A report from Marcum shared with Construction Dive shows a breakdown of current hourly wages of carpenters, electricians and heavy equipment operators across 24 states. The highest earners, according to the report, include:
Carpenters in Wisconsin, who earn $30.31 per hour, on average.
Electricians in Massachusetts, who earn $35.18 per hour, on average.
Heavy equipment operators in California, who earn $38.11 per hour, on average.
With the infrastructure spending package, those skilled workers will only become more valuable. Natarelli said current wage rates will be even higher three months from now, as a direct result of the infrastructure bill.
Tatenda Tazarurwa, director for Turner and Townsend, indicated that wages are changing, but will also be spread out — often skilled workers move to where the work is. Even beyond the infrastructure spending, workers may head to burgeoning markets like Nashville, Tenn. or Austin, Texas.
A major goal of the infrastructure package, which will infuse roughly $550 billion into roads, bridges and other forms of transit, is to create jobs that don't require a college education, Michelle Meisels, a principal in Deloitte Consulting's technology practice, told Construction Dive.
"It is expected to create increased demand for predominantly low-wage construction jobs and therefore drive up wages," Meisels said.
The infrastructure plan will likely increase earnings and conditions for workers in two ways, said Meisels: first, the bill will likely tighten the labor markets in which contractors operate, and second, there will likely be direct government wage mandates embedded in the bills.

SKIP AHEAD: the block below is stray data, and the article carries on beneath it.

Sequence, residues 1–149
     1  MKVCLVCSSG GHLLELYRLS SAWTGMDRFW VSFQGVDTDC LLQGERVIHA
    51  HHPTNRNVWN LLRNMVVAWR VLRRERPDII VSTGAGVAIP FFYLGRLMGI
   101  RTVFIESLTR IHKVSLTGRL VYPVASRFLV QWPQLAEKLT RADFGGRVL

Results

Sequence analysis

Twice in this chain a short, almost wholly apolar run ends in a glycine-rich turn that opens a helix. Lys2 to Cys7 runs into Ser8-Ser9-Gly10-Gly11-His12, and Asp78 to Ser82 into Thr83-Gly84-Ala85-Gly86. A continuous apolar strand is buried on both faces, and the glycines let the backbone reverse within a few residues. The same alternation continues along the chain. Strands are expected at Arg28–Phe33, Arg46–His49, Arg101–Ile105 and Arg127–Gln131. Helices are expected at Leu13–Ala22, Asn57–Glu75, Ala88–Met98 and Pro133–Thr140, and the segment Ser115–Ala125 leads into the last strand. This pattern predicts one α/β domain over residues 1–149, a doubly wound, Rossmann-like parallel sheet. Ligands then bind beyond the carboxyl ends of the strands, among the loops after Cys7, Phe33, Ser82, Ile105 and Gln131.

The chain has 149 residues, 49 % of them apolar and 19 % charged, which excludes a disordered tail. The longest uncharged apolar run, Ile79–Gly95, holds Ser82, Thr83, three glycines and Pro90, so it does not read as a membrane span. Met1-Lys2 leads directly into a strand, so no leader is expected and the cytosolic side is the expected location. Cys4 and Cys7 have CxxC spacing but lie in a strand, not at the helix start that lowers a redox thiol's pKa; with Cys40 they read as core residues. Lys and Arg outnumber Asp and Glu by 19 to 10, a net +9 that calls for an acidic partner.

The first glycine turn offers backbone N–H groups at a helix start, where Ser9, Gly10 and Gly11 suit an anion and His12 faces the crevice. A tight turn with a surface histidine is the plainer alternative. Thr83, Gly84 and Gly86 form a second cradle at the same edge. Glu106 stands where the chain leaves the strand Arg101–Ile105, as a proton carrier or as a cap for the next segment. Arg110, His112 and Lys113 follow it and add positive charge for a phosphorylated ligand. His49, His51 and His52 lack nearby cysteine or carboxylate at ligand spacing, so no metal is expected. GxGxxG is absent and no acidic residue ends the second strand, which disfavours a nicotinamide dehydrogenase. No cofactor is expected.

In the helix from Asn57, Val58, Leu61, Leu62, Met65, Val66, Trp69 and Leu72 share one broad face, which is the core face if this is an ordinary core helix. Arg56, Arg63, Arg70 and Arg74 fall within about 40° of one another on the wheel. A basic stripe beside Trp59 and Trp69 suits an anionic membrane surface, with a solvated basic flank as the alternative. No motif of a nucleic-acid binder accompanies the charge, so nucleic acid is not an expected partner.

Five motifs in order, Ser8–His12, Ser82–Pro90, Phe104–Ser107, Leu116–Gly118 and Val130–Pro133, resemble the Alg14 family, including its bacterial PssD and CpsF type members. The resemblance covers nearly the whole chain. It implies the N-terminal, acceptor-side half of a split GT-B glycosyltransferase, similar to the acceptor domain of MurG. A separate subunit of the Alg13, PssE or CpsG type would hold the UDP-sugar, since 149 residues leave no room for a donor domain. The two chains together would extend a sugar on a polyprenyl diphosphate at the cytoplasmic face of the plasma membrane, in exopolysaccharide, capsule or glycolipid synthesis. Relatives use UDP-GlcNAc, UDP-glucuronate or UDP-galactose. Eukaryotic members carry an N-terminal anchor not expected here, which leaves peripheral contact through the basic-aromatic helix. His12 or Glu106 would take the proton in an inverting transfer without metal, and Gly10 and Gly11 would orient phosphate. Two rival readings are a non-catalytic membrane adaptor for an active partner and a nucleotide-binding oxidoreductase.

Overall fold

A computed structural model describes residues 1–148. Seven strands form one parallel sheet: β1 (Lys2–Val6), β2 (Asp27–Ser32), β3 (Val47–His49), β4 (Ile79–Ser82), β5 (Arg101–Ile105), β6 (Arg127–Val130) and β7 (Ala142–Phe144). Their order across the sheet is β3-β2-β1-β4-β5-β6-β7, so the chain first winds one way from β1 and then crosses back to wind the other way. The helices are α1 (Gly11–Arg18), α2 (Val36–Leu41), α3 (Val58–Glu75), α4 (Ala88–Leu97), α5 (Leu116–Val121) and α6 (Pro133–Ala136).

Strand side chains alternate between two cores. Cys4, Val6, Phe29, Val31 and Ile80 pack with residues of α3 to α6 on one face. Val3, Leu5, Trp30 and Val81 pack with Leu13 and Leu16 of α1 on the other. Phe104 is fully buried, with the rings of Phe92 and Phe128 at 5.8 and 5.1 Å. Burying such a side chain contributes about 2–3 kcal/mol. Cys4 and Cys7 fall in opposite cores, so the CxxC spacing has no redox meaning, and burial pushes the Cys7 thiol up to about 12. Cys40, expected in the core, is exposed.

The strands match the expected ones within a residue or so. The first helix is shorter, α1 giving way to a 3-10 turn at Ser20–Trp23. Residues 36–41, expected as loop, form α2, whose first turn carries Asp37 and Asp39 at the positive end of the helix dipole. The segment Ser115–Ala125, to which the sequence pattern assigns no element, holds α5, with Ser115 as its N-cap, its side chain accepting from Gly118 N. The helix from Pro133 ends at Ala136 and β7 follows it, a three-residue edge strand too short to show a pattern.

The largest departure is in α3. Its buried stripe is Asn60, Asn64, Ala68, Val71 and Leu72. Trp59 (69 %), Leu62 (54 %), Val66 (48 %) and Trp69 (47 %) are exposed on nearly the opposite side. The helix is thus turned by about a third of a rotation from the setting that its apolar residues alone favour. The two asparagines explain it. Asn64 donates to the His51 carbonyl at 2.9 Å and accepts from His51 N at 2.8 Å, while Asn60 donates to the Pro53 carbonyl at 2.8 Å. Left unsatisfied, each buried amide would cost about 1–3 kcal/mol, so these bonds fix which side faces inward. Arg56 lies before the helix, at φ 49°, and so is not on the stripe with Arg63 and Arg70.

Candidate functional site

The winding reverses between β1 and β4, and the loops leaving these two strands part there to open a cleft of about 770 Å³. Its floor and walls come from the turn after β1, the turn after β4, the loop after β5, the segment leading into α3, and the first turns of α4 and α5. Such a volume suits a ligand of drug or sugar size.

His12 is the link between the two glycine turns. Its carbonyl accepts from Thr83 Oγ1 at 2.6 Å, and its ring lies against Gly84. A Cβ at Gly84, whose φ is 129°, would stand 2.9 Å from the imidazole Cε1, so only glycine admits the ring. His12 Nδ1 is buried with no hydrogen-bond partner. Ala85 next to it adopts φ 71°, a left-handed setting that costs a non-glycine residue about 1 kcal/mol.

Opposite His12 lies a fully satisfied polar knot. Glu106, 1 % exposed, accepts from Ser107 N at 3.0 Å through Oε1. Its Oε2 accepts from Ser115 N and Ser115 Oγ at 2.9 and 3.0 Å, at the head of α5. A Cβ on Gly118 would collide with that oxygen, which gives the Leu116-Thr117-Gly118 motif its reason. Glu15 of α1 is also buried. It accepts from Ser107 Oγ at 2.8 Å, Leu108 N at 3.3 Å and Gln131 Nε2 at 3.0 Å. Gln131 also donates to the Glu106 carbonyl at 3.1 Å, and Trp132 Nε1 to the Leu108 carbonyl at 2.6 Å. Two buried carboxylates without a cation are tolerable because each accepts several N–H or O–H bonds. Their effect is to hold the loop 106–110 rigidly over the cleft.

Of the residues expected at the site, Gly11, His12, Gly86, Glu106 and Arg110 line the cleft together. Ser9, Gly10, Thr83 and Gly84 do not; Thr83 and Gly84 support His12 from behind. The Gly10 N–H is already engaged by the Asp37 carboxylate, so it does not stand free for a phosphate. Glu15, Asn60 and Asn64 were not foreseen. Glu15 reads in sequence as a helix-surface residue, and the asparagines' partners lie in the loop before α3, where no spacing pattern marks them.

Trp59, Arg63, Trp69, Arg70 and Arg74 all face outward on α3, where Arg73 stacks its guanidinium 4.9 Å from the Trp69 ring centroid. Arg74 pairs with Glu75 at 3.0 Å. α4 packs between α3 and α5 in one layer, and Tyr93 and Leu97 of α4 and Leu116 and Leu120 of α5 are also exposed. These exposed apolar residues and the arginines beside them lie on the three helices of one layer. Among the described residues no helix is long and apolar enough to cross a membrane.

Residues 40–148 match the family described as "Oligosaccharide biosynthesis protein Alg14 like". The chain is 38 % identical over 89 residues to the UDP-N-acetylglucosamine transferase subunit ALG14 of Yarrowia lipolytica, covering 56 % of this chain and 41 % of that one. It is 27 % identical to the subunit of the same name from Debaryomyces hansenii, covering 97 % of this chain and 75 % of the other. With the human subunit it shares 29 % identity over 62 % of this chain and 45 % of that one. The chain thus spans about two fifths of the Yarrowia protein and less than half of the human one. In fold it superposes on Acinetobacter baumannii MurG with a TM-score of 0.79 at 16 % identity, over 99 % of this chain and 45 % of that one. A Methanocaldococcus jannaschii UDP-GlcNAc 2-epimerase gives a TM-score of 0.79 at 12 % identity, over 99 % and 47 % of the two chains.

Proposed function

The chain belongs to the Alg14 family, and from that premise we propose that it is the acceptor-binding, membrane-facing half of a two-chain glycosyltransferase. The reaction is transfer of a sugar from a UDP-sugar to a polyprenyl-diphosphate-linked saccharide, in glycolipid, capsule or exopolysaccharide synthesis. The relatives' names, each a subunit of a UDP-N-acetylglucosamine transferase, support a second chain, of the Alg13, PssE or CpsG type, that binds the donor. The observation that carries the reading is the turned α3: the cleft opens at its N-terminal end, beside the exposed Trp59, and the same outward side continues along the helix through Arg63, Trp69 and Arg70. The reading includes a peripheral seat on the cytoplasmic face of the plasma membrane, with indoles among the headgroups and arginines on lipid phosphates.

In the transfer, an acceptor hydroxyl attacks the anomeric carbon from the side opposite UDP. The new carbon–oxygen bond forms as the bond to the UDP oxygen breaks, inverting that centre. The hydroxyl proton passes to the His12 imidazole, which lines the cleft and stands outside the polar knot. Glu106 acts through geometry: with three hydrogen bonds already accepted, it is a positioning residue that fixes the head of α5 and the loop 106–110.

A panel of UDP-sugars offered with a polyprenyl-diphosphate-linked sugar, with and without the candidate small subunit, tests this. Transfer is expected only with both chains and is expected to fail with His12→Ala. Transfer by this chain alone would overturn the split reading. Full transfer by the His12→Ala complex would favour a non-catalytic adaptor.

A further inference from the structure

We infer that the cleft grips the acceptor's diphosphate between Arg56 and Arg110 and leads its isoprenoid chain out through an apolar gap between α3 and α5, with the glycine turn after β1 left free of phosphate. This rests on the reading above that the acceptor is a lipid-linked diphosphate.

"Contractors need to be cognizant of the fact that the new bill requires the vast majority of construction projects to pay prevailing wages based on an average of the pay scale for local construction work," Meisels said.
The bill also includes stringent provisions that require all federal infrastructure projects to use construction materials largely manufactured in the U.S., which will increase the number of other types of jobs, and therefore, wages, Meisels said.
Wages to increase 'significantly'
The Great Resignation, partially brought on by the pandemic, has only made things more difficult. The mean workforce age in construction has climbed into the 40s as the industry struggles to recruit younger workers, Tazarurwa told Construction Dive.
Additionally, the pandemic limited the number of migrant workers, as traveling became harder for some and impossible for others.
On the one hand, Tazarurwa said, the shortage could take some time to get over, but on the other, there has been a skilled shortage for decades, and employees are seeing their power increase.
"No time in the past generation or past ages have employees had more power," Tazarurwa said.
An uphill battle
Contractors may have to get creative to secure labor. Natarelli said he's already spoken to clients who are interested in creating joint ventures to secure work. Some companies can secure financing and bonding, but struggle with the labor. Two contractors joining forces can mitigate that, Natarelli told Construction Dive.
Nevertheless, there's a lot of work to be done. The Department of Labor estimates the industry will need to add 747,000 workers by 2026. The key to filling out those jobs? Continuing to elevate recruiting efforts.
"I see the industry really trying to reinvest back into this and reaching out to folks in high school to let them know there are careers here that are really good careers," Natarelli said.